For example, we experienced a $742,000 increase in FDIC deposit insurance premiums in the first quarter, approximately $300,000 of which can be attributable to Centric. Looking forward, we expect intangible amortization expense to total $4.7 million in 2023 with $2.1 million of that coming from the Centric acquisition and we expect operating expense to be in the range of $63 million to $64 million per quarter for the rest of 2023. Core provision expense was a negative $2.7 million that is a release, $2.1 million of which was due to lower reserves on unfunded commitments with the remaining $0.6 million release due to the low level of charge-offs and loan growth, along with a slightly improved Moody's economic forecast within our CECL model. Centric credit marks came in very close to what we expected, when we announced the transaction.
There was a $10.7 million one-time day one provision expense for Centric as anticipated, but this is excluded from our reported core operating figures. However, including one-time credit marks for Centric, the loan loss reserve will increase from 1.35% of total loans on December 31, to 1.55% of total loans on March 31, 2023 adding further protection to capital. Our non-performing loans reflect the acquisition but credit trends continue to be strong with very low charge-offs, down to 6 basis points from 11 basis points last quarter. I would direct you to new disclosures on Pages 16 through 17 of our supplement to break out our CRE and office loan portfolios. Finally, tangible book value per share increased from $7.92 per share at year-end to $8.13 per share, due to retained earnings and a $13.1 million improvement in AOCI from $137.7 million to $124.6 million.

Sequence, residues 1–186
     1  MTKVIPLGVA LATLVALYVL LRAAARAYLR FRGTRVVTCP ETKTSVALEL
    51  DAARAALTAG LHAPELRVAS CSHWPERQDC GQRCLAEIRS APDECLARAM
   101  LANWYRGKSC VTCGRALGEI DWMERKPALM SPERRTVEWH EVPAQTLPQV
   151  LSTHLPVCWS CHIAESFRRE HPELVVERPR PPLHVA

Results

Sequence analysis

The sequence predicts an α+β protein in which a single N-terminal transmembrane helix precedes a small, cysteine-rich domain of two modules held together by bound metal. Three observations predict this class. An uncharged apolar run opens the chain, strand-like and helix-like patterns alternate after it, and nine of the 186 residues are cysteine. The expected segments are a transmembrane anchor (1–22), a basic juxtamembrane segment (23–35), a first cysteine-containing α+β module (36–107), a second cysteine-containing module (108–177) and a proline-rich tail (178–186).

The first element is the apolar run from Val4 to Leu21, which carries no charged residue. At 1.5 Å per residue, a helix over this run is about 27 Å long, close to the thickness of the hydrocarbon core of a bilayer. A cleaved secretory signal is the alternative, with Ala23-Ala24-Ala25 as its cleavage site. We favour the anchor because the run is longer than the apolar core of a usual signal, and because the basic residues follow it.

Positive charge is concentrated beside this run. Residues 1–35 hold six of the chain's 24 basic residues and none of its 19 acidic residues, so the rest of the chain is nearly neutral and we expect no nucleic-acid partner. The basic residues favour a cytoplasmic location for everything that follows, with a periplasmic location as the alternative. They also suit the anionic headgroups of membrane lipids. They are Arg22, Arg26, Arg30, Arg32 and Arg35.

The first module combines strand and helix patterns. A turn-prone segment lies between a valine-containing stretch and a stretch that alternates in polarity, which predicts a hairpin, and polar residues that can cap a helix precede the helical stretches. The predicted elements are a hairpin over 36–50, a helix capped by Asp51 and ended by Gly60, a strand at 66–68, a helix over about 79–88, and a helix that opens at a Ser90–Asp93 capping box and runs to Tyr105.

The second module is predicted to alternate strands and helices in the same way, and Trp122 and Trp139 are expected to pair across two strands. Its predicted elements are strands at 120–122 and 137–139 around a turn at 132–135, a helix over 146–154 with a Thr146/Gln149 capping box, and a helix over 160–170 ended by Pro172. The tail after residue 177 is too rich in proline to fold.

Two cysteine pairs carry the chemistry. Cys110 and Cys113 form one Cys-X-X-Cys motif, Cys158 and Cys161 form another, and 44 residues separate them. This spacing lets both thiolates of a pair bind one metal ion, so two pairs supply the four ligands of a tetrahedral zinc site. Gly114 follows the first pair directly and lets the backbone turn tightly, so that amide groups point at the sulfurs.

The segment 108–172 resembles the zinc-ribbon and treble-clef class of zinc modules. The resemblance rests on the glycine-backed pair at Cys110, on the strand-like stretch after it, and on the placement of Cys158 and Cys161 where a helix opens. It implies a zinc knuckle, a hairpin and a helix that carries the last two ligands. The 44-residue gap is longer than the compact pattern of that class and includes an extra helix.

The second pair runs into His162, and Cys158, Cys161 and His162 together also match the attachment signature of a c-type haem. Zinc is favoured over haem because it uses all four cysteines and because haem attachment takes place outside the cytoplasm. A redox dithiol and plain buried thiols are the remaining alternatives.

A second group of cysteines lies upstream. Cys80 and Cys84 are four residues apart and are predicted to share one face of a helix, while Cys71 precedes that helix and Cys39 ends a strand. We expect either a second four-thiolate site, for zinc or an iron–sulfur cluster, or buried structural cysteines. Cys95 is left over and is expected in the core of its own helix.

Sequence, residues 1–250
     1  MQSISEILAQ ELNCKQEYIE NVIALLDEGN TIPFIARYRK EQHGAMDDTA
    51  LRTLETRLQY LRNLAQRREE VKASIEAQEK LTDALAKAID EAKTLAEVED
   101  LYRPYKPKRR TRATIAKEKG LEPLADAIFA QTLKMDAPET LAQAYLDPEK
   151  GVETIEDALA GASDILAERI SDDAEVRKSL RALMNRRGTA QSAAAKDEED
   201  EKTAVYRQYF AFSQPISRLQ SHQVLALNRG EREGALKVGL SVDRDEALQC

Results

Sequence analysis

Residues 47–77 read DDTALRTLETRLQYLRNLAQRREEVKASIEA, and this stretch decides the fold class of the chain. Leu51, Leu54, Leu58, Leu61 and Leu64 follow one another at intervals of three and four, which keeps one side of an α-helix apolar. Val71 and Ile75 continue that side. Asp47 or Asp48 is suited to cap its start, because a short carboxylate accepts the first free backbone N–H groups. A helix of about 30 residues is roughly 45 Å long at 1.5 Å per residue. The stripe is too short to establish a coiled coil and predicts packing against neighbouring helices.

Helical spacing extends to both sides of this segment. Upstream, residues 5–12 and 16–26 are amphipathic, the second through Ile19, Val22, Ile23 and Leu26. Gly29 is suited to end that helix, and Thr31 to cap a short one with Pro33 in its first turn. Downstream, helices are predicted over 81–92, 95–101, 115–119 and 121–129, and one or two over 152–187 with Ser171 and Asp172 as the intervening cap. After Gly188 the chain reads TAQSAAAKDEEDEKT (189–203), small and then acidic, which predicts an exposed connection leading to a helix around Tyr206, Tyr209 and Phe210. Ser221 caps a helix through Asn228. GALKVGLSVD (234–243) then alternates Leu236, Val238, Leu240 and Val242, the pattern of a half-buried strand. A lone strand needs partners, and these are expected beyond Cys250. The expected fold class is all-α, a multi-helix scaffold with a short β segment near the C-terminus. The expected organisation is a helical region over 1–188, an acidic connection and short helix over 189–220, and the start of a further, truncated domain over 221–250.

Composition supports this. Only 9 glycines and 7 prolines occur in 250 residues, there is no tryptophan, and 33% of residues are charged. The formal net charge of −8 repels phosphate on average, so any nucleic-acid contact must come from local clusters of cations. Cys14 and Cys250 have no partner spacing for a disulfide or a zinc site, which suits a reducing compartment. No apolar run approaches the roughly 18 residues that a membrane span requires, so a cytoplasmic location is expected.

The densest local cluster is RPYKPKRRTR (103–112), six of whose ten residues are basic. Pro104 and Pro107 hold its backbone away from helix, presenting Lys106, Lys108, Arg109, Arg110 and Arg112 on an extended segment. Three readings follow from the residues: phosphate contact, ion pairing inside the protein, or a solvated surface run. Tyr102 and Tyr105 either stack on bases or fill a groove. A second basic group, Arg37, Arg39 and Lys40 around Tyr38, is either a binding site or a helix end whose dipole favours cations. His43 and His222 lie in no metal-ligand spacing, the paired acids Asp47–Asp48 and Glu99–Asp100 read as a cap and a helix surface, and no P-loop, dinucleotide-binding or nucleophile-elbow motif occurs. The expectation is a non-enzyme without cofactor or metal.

AOCI is down to 14.8% of tangible common equity from 18.6% last quarter and our tangible common equity ratio remains at 7.8%. I would add that if the fair value marks available for sale and held-to-maturity securities were fully realized, we would remain well capitalized. While we have received an additional $25 million of share repurchase authorization from our Board, as Mike mentioned, we anticipate taking a measured opportunistic approach to buybacks balancing the need to capitalize moderate loan growth and preserve capital with the opportunity to retire shares at these attractive price levels. And with that, we'll take any questions you may have.